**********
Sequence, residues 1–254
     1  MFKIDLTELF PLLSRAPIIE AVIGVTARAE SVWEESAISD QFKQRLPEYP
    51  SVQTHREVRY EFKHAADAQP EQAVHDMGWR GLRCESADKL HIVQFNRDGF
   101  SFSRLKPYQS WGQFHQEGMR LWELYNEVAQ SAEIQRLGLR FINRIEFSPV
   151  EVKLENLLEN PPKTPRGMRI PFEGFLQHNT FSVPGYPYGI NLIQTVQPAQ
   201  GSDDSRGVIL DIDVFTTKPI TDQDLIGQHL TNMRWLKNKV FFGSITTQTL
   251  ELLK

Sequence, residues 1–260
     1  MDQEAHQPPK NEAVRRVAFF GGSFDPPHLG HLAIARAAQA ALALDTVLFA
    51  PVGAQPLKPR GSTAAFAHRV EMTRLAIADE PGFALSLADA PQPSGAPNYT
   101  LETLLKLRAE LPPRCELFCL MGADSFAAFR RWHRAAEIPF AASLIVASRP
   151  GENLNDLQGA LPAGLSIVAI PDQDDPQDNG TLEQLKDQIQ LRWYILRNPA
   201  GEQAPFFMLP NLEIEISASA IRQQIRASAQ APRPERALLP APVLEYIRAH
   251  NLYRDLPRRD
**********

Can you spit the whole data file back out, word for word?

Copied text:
Sequence, residues 1–254
     1  MFKIDLTELF PLLSRAPIIE AVIGVTARAE SVWEESAISD QFKQRLPEYP
    51  SVQTHREVRY EFKHAADAQP EQAVHDMGWR GLRCESADKL HIVQFNRDGF
   101  SFSRLKPYQS WGQFHQEGMR LWELYNEVAQ SAEIQRLGLR FINRIEFSPV
   151  EVKLENLLEN PPKTPRGMRI PFEGFLQHNT FSVPGYPYGI NLIQTVQPAQ
   201  GSDDSRGVIL DIDVFTTKPI TDQDLIGQHL TNMRWLKNKV FFGSITTQTL
   251  ELLK

Sequence, residues 1–260
     1  MDQEAHQPPK NEAVRRVAFF GGSFDPPHLG HLAIARAAQA ALALDTVLFA
    51  PVGAQPLKPR GSTAAFAHRV EMTRLAIADE PGFALSLADA PQPSGAPNYT
   101  LETLLKLRAE LPPRCELFCL MGADSFAAFR RWHRAAEIPF AASLIVASRP
   151  GENLNDLQGA LPAGLSIVAI PDQDDPQDNG TLEQLKDQIQ LRWYILRNPA
   201  GEQAPFFMLP NLEIEISASA IRQQIRASAQ APRPERALLP APVLEYIRAH
   251  NLYRDLPRRD